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Cooperation and Conflict in Conservation

By Michael Bode

Different groups are all “fighting” for the environment, but each group does it in its own way and with its own specific priorities – sometimes leading to negative conservation outcomes.

The full text of this article can be purchased from Informit.

Systematic conservation planning is the absolute best-practice approach to conserving biodiversity in a large landscape. We create maps that highlight the distribution of our favourite conservation features – be they threatened species, vulnerable habitats, ecosystem services, or all of the above – and then we use these data to decide which locations are the most valuable. The result is a priority map: a chart of where our limited resources will do the most good for conservation.

While systematic conservation planning methologies do a pretty good job of describing the distribution of conservation features, they do a poor job of describing the conservation organisations themselves. Systematic conservation planning basically says that protected areas are created by a single conservation entity that is concerned about all the features equally. It therefore bears little resemblance to the landscape of organisations that make up the modern conservation sector. In biodiverse landscapes, reserve networks are the cumulative result of a huge number of autonomous, passionate, idiosyncratic organisations.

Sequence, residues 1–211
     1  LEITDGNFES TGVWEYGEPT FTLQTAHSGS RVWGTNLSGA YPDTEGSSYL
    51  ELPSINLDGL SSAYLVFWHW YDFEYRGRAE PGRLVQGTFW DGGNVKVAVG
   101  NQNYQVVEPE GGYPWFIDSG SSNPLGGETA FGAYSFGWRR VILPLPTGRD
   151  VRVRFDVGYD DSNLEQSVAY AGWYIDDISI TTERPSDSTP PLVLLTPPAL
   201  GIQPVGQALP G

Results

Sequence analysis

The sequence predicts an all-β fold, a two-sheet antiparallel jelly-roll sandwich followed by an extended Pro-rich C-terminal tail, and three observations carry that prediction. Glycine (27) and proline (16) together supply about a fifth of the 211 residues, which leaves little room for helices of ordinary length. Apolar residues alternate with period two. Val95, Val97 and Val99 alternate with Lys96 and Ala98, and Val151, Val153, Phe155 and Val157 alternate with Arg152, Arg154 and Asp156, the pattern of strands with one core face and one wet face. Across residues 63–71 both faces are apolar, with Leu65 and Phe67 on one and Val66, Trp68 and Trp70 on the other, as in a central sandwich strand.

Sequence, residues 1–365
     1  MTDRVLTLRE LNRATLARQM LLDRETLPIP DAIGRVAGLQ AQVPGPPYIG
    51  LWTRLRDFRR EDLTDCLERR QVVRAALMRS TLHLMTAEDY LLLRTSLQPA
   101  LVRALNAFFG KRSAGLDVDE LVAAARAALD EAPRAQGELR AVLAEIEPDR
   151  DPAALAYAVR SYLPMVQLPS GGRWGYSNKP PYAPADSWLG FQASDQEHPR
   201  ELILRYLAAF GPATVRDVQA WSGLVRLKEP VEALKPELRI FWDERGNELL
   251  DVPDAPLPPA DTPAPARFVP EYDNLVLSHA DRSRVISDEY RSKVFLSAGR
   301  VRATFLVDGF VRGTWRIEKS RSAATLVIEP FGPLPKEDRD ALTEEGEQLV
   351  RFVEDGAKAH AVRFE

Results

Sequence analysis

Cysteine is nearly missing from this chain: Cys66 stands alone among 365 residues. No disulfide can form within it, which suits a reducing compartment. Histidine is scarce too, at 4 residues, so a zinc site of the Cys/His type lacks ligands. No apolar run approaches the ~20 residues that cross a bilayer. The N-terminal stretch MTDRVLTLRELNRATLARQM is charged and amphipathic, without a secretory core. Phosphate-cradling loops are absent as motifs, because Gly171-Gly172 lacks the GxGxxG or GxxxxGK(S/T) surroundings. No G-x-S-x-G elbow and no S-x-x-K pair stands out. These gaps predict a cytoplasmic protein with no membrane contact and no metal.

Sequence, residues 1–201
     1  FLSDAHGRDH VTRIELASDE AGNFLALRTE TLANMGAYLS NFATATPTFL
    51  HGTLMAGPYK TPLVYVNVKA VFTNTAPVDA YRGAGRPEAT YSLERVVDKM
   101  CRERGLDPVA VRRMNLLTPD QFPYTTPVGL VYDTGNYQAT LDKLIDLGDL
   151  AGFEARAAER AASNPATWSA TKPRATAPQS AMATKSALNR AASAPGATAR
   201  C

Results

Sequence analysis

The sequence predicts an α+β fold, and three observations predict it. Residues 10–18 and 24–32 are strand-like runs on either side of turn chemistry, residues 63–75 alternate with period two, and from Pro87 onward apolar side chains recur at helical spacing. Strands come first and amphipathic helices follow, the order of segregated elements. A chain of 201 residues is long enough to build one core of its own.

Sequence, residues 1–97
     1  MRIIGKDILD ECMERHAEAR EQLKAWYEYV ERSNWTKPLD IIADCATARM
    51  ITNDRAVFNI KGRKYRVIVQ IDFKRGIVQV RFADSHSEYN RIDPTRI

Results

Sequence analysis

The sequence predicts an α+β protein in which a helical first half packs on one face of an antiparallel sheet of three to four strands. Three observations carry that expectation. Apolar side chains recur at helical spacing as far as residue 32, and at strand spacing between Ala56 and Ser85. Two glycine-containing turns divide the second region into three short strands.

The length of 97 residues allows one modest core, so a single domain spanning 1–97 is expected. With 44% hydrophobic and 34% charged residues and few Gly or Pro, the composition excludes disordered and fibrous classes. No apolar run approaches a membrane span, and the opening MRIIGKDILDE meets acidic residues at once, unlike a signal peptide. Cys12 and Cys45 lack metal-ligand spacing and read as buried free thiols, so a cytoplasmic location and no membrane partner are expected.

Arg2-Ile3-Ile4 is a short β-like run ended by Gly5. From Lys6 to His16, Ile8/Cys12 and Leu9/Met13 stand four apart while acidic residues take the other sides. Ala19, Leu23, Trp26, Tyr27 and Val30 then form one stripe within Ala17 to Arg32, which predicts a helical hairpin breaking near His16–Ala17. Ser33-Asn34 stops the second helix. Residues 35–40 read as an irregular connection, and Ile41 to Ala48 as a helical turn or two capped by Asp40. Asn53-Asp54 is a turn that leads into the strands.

Of course, these organisations share the same general objective – to minimise or reverse harm to the environment. However, these groups are independent operators that are usually focused on radically different facets of conservation. Some are interested in species,...

The full text of this article can be purchased from Informit.

Michael Bode is a researcher with the Environmental Decisions Group. He is based at the University of Melbourne.